He stands in the middle of the laundry room feeling immensely sorry for himself for some little while. It looks as though there really is no one coming to help him. He thinks of going to look for Brother Richard, but if he’s honest (and he’s still dodging that) the sense of absolute martyrdom has a sort of horrible addictive sweetness he’s half enjoying. He thinks he’ll struggle on alone. This is his cross to bear. This is what people are like. Where is help when you need it? What’s the point of all the fine talk about faith and dedication if you can’t even see to it there’s someone on hand to help with the washing? Call this a community? Huh. Moodily, he shoves the plug into the drain, and lets the water begin to accumulate in the big stone trough.
He fetches the bats and the soap, rolls up his sleeves and fastens them back, tucks the hem of his tunic up out of the way into his belt, ties on a big linen apron, soft with wear and many times patched, and starts to pile half the linens he’s brought along, into the trough.
Struggling and sweating, his hands double-wrapped in rags against the heat of the metal, he tips the hot water into the trough. He bungs the hole where cold water flows in. It doesn’t back up and flood – that’s the point of the cisterns; their capacity is enough to regulate the system.
So he begins, his red, wet hands scrubbing and slapping the linens viciously on the grooved stone slabs. He repents of that fairly quickly; he knows perfectly well the way he’s going at it could rub the sheets into holes there and then, and linen is expensive. He pauses, stands quite still, discreetly smites his breast with his soapy fist, muttering “Mea culpa.” He comes back to the scrubbing more gently; but there’s nothing to stop him smacking the hell out of the wet linen with the bats.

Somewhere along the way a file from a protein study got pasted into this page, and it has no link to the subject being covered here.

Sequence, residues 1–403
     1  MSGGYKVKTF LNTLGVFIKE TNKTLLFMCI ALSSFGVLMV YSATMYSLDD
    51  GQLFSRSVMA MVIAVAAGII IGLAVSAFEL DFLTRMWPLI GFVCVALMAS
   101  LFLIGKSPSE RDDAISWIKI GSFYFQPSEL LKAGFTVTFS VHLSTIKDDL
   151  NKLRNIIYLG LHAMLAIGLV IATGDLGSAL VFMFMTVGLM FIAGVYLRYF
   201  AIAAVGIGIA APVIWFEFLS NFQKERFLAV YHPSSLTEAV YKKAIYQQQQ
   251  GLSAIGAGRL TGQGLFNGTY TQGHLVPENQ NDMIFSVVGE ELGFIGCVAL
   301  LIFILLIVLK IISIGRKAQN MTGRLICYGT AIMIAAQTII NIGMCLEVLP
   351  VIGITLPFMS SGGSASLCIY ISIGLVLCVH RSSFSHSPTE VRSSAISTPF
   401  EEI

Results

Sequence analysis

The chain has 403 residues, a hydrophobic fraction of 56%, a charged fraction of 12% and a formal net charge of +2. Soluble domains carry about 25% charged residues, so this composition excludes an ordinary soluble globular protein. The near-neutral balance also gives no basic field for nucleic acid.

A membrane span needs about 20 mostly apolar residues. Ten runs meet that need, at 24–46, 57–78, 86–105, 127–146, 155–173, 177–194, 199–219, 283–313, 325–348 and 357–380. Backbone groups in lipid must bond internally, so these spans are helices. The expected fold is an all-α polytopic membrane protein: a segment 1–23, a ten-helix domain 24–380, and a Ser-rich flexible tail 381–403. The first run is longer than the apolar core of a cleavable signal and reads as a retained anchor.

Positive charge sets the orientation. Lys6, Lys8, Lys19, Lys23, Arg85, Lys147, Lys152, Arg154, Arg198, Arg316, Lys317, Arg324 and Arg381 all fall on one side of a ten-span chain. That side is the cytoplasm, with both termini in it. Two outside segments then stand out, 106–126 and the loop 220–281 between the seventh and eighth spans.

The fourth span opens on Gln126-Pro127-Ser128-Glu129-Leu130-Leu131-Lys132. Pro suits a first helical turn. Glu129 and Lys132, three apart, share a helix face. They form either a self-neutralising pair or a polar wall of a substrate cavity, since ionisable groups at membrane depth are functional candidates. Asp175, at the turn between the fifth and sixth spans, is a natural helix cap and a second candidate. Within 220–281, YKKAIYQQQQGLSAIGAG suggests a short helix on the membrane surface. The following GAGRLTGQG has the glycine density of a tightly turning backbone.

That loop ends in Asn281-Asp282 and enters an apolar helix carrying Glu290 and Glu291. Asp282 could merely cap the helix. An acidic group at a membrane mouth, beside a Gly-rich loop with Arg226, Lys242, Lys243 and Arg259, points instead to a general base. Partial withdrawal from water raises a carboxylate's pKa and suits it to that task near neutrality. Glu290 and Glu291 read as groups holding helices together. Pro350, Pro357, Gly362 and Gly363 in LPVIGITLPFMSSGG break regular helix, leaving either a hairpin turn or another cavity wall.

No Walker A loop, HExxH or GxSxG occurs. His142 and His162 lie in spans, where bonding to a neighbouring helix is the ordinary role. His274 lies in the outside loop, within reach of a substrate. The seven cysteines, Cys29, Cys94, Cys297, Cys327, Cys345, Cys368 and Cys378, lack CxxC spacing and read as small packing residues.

In a weary pause, as he stretches his aching back and wipes the sweat off his brow with the corner of his apron, he hears footsteps approaching. Oh! Now they turn to, when the job’s half done!
He bends to the trough again so that they’ll find him hard at work and all alone when they come through the door. And then it’s his abbot’s voice saying, so humbly and full of concern: “I’m so sorry, Father Bernard, please forgive me. I didn’t remember until just now that Brother Thomas was meant to be helping you with this today. I sent him out on an errand first thing, and promised to look out somebody else to help you, and I completely forgot. I am so sorry. Here – let me help. What shall I do? Those bits in soak, in the other trough?”